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Implementing evidence-based practice in undergraduate teaching clinics: a systematic review and recommendations.

Faculty of Dentistry, University of Toronto, 124 Edward Street, Toronto M5G 1G6, Ontario, Canada.
Journal of dental education (Impact Factor: 1.04). 10/2004; 68(9):995-1003.
Source: PubMed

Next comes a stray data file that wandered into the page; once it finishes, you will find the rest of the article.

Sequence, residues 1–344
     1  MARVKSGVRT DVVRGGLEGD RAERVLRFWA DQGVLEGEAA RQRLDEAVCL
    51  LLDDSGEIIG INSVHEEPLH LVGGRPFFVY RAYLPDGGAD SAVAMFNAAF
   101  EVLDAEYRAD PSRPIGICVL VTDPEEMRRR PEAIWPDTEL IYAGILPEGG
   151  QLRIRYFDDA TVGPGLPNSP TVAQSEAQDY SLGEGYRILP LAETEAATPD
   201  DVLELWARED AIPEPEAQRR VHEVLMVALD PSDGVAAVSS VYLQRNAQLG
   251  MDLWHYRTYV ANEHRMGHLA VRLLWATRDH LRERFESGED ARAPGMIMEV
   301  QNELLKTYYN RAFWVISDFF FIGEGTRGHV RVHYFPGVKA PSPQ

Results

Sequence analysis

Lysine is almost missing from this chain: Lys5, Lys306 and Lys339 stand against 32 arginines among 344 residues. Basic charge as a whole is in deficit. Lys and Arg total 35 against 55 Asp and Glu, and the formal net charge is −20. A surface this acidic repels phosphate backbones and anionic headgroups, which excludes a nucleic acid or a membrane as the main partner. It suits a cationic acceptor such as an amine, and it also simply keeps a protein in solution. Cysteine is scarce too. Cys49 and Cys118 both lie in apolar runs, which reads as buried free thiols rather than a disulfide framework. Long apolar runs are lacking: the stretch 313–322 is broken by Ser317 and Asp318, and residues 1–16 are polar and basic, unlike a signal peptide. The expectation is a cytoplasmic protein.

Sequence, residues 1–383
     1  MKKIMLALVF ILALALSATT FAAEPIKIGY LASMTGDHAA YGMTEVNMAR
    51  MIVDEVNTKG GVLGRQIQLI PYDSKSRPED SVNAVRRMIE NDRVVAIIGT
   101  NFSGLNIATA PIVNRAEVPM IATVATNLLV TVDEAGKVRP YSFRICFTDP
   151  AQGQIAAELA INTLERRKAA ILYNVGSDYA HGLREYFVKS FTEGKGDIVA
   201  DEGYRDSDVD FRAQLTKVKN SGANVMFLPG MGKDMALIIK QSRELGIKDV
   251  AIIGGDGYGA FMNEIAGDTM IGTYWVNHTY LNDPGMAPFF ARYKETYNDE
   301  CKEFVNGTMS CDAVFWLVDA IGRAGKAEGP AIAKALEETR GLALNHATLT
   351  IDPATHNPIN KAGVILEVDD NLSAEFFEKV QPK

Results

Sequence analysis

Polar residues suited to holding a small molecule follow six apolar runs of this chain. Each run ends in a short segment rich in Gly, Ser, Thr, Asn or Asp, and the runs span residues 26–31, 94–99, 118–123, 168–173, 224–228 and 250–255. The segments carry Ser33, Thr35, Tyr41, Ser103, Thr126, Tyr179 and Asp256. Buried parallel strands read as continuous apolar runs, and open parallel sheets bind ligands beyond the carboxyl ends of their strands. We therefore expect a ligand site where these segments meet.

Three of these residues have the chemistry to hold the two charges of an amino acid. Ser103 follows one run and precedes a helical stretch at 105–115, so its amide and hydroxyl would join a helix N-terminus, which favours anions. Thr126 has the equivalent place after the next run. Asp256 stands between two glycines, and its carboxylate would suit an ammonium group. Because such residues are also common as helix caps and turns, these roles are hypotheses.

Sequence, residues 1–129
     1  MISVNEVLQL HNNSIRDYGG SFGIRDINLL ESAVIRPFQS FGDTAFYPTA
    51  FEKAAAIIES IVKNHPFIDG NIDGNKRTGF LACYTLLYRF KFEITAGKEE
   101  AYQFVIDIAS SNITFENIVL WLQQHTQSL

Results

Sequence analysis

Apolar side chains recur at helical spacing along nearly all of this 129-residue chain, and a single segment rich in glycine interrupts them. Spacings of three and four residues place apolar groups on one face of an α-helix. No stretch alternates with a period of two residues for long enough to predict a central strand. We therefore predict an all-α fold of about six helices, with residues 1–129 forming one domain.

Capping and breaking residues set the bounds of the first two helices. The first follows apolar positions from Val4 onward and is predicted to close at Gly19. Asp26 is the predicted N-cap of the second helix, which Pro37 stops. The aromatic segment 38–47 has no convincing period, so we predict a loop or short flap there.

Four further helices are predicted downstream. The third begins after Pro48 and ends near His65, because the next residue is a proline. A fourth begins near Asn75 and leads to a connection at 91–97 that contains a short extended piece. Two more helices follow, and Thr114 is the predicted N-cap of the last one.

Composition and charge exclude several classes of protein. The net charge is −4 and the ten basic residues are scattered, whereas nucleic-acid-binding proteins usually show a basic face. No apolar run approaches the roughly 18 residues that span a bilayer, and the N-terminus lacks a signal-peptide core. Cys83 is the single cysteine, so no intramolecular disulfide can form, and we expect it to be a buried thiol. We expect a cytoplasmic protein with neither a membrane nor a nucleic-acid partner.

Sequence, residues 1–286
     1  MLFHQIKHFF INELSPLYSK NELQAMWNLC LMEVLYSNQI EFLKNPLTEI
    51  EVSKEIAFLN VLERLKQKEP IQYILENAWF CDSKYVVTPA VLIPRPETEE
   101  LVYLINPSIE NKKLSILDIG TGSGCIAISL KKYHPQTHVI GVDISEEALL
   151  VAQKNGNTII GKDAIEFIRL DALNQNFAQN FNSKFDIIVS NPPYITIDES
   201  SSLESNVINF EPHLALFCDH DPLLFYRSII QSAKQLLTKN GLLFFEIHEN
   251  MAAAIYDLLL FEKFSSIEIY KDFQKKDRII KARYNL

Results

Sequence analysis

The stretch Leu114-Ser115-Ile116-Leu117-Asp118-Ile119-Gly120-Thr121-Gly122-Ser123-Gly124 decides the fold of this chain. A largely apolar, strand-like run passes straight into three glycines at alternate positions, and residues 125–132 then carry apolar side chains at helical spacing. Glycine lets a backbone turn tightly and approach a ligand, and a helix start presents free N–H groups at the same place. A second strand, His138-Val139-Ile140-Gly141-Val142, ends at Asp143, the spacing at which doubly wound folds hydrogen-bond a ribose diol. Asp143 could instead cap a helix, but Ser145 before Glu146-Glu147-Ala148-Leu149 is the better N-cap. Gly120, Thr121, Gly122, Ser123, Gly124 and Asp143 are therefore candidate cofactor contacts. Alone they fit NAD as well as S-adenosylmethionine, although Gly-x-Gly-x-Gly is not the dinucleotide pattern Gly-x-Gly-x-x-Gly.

ABSTRACT The objective of this project was to identify an effective methodology of approaching and implementing evidence-based principles in undergraduate teaching clinics to promote evidence-based dentistry in future clinical practice. A systematic review was undertaken to examine evidence-based clinical teaching and faculty continuing education. Research published from 1996 to 2002 was retrieved by searching several databases and the Internet, along with conducting hand searches and reviewing bibliographies maintained by faculty experts. Qualitative checklists for different types of studies were created to evaluate the literature. Relevant studies were selected if they met all four predetermined essential criteria and a minimum of two out of three desirable criteria. Systematic reviews were chosen if they met all five essential criteria. Data from selected articles were extracted, and study quality was assessed. We found that three systematic reviews and nine original research articles were deemed methodologically acceptable. Problem-based learning and evidence-based health care interventions increased student knowledge of medical topics and their ability to search, evaluate, and appraise medical literature. Dental students in a problem-based learning curriculum, emphasizing evidence-based practices, scored higher on the NDB I (National Dentistry Boards, Part I) than students in traditional curricula. While effective modules in implementing theoretical evidence-based principles exist, very few high-quality studies are available that examine these principles in dental undergraduate teaching clinics. No methodologically appropriate studies on the education of faculty in the implementation of evidence-based principles are available. Some studies promote promising theories and methodologies of teaching evidence-based care; based on these theories, a comprehensive model is proposed in this article. Considering the strength of evidence in the reviewed literature, we concluded that an evidence-based approach to clinical care is effective.

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